Learning to fly

We’ve just completed the intermediate round of gauntlet testing on the 787. It seems like we only just started and now it’s complete. This is the challenging - but also exciting – aspect of keeping up with the pace of progress on the 787 program.

During this phase, pilots and engineers ran a number of scenarios using all of the airplane’s systems to simulate flight, including power, avionics and flight controls - involving hundreds of test conditions.


A scene from intermediate gauntlet: Aviation maintenance technicians Jim Strum (left) and Doug Brown open an access panel on the 787 Dreamliner between test scenarios.

The team has a lot more work to do now. They’ll be analyzing the results of the past week or so of testing. And then there are additional tests. Based on what we learned in intermediate gauntlet, next we run the final gauntlet testing.

During gauntlet, as I mentioned, ZA001 is being operated just as if it were in flight. The only difference is it’s still on the ground. We have pilots at the controls and a team of engineers at work stations in the back of the airplane. The doors are closed and everybody is on board for the duration of the “flight.” Believe it or not, meals are served on board and the lavatories are working!

We run these tests all day and night. This is how we make the most of our time, pushing the airplane systems to ensure that the Dreamliner is ready for first flight and the flight test program.

In gauntlet flight, after the airplane “lands” there’s a crew waiting to clean up the airplane, inspect it, refuel it and load a whole new set of meals. And then, the next shift is ready to go for the next round of testing and the 787 Dreamliner continues learning to fly.

Comments (9)

Norman (Long Beach, California, United States):

The more testing the better so when the first "real flight" occurs everything is checked out and safe for flight. I like the part about meals being served on board on the ground, on many airlines you can't get a meal served in the air, great progress.

Kinbin (Taipei Taiwan):

Kudos to flight test team working round the clock to compress schedule.

Don't forget to post short vids during the taxi tests and RTO runs, from the inside of the cockpit for the insider look. It will also be good to have an official reel from the outside as well, but you need to get it out to your blog *pronto* in raw form. :-)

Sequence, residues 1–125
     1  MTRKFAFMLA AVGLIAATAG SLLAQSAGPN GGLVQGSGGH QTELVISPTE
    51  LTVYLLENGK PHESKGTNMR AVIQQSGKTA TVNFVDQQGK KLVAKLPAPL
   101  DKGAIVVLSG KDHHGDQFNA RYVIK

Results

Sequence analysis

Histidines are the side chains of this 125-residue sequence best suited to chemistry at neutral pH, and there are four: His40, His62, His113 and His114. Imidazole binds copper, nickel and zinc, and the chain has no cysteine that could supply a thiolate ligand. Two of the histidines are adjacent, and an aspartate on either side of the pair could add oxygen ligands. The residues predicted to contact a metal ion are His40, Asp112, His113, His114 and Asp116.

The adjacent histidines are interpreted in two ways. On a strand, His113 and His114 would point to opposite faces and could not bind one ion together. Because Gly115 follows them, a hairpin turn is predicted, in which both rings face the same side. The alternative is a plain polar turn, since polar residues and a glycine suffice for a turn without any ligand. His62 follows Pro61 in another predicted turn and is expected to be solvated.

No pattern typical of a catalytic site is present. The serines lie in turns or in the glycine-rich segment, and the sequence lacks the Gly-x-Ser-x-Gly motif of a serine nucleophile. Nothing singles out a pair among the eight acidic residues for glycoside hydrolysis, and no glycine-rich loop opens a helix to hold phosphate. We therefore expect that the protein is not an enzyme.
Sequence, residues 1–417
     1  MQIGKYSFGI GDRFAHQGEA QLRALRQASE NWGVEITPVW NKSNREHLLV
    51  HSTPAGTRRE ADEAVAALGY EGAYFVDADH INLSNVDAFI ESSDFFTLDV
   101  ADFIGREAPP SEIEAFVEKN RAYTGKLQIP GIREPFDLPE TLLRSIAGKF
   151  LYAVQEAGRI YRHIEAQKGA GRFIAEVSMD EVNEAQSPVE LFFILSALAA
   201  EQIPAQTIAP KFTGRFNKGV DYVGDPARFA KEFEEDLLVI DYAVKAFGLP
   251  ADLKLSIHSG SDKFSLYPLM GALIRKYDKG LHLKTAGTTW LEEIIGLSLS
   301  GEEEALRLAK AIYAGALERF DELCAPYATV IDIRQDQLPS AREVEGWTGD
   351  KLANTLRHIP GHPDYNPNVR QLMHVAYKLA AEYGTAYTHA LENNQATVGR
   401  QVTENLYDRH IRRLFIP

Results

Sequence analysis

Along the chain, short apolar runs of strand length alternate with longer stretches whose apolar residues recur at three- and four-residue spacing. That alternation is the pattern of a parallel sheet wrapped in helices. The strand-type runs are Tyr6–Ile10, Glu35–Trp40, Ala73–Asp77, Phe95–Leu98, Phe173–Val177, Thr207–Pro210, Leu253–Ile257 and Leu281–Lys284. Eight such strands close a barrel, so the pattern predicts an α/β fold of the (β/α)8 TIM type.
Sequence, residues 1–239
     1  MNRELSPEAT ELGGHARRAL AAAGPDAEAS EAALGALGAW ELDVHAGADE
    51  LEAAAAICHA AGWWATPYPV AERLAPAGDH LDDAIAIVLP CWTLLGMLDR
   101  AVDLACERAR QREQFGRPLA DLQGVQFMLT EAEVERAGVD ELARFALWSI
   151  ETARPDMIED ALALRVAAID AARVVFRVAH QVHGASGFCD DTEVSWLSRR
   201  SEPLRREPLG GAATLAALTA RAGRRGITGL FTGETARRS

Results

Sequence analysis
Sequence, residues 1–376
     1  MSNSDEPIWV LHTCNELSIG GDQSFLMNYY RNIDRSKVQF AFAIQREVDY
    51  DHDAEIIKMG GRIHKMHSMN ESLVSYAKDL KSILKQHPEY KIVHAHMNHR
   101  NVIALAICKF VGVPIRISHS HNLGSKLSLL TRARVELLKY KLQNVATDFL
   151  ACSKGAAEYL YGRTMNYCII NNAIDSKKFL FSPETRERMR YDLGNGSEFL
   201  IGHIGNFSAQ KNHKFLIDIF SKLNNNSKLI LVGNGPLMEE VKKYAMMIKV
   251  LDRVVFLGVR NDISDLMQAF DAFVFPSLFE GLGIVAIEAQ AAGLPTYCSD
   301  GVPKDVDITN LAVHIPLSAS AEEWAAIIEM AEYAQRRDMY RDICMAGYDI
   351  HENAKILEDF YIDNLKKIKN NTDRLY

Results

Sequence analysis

Coz there will be (nah, currently now) a phalanx of high-powered cameras already postured round-the-clock across the fence to capture the event and have it posted in the industry blogs while your PR folks are reviewing, twiddling and editing yours.

Adrian (Sagamihara, Japan):

Who eats the meals???

Sounds like things are going well and I hope things stay that way.

Justin Haase (Ventura, Iowa, USA):

Great job, I can't wait to see it fly!


Exciting stuff! Thanks for the info.

Don Harrington (Bellevue, WA):

Exciting times! I can't wait to see this new bird take wing.

mg (edmonds, WA):

Although I have not seen this airplane's interior, based on prior Boeing flight test experience [production and experimental] if it is a typical Boeing flight test aircraft it is full of equipment racks and engineering stations. There probably are minimal cabin furnishings, maybe not even sidewall panels, almost certainly no bins or ceilings. There is probably just one [maybe two] lavatory/ies, one up front behind the flight deck; the other if installed may be somewhere in the forward cabin so as to minimize the vacuum lav plumbing.

"meals on board" implies a complete galley catered for a long flight's full meal service. I would guess there is only a shell of the forward galley, maybe not even that. On-board catering probably consists of an ice chest or two full of cold drinks, a large coffee thermos, cartons full of box lunches, plus maybe salads, fruit and pastries, plus plastic utensils and boxes of cups, napkins, etc.

There have been lots of exterior shots. Why none of the actual interior?



Thanks for the comment. If you watch the videos on the Milestones site you will indeed see some of the interior.

- Randy Tinseth

Trapperpk (Boise, Id):

I have several questions. Much was said early on about the air quality. What can you tell about test crews being shut up in this aircraft for 8 hours using the new technology air filtration system? As a traveler, this bothers me the most, since I have a touch of claustraphobia. Secondly, how did the dimming on the windows work out during daylight hours? This was another technological advance.

John (Mill Creek, WA):

Are they charging the test engineers $5 for the meals - just like on a real flight ? Keeping with the spirit of accurate simulation. Looking forward to 1st Flight !

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